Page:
Future Electric Cars Could Ditch Battery Packs in Favor of Carbon Fiber Electrodes
The lightweight material is quite good at storing electricity, researchers claim.
One of the biggest drawbacks to current electric cars is that they store energy in heavy battery packs. But what if there was a way to not only eliminate dedicated battery packs, but use one of the most advanced lightweight materials in the automotive industry to do it?
Carbon fiber could be used to store electricity, according to research from Sweden's Chalmers University of Technology spotted by Motor Authority. Since the material can be used in the structure or bodywork of a car, those components could effectively replace a traditional battery pack, researchers claim. Imagine a future electric car that stores its energy in its body shell.
Researchers have reportedly tested different types of carbon fiber, finding that some are better at storing electricity than others. Carbon fiber with small, poorly-oriented crystals reportedly works best as a battery replacement, although it is less rigid than other forms of the material. Yet even this type of carbon fiber is still slightly stiffer than steel, researchers claim.
The potential benefits of using carbon-fiber structural components to store electricity are significant. Weight would be reduced dramatically both from the use of carbon fiber and the elimination of heavy conventional lithium-ion battery packs. Carbon fiber could also store energy for onboard sensors and other electronics, researchers claim.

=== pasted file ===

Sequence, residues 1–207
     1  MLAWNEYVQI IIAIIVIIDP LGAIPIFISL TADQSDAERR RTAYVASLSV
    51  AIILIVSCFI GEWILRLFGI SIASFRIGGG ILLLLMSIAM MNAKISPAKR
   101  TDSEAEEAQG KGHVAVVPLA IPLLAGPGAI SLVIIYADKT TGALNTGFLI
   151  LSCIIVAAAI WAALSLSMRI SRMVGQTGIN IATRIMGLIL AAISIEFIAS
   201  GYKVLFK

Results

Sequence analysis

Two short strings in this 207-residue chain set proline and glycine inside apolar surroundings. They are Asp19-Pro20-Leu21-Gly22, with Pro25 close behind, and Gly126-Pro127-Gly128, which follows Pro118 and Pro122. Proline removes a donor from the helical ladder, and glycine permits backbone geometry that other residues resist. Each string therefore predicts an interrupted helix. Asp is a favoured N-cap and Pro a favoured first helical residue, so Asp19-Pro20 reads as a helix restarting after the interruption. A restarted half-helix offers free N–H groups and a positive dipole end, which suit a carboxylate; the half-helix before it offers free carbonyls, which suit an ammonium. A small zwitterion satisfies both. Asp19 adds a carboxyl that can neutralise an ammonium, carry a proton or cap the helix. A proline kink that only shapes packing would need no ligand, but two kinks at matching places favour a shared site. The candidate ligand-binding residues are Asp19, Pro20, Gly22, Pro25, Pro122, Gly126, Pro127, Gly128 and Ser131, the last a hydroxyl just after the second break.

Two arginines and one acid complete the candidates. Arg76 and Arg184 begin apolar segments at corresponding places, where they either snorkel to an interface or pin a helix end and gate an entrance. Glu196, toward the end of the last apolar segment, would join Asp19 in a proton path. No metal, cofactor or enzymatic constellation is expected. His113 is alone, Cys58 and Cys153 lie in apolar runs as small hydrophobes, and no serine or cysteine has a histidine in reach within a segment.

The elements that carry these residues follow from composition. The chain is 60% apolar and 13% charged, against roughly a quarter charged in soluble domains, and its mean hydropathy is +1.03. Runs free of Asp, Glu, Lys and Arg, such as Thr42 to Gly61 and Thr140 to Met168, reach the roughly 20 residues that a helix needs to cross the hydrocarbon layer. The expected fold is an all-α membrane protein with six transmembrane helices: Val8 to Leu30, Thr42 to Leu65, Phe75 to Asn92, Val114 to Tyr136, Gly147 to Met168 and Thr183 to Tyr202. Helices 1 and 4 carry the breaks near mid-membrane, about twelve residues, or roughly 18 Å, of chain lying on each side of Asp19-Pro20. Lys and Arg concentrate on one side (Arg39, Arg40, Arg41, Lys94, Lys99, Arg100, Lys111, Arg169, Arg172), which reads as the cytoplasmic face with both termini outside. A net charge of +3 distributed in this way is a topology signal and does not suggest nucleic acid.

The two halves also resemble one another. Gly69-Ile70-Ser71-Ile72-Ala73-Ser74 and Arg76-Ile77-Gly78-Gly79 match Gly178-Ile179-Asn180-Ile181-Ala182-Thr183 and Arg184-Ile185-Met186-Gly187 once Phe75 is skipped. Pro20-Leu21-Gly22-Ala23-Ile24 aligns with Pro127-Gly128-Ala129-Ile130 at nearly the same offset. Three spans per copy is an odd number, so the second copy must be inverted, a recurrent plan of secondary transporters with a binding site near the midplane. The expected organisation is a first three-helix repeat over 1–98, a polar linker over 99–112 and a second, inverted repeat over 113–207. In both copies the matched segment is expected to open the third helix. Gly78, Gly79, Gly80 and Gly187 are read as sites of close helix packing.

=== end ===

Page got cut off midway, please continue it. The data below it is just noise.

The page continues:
This isn't the first time someone has tried turning a car's body into a giant battery. In 2013, Volvo demonstrated a technique of molding super capacitors into carbon-fiber body panels. The Swedish automaker replaced the steel trunk lid of an S80 sedan with the material, claiming the setup provided enough power to run the car's 12-volt electrical system. At the time, Volvo said the new material could cut overall weight by up to 15 percent. But nothing else has come of the experiment to date.
That's the problem with promising research: it often doesn't make it out of the lab. An experiment may produce good results, but that doesn't mean it can be transformed into a commercially-viable technology. With a handful of exceptions, carbon fiber is still used largely in high-end supercars and motorsports. Even if carbon-fiber energy storage can be made to work in the real world, it may prove too expensive and complex to apply to mass-market cars.
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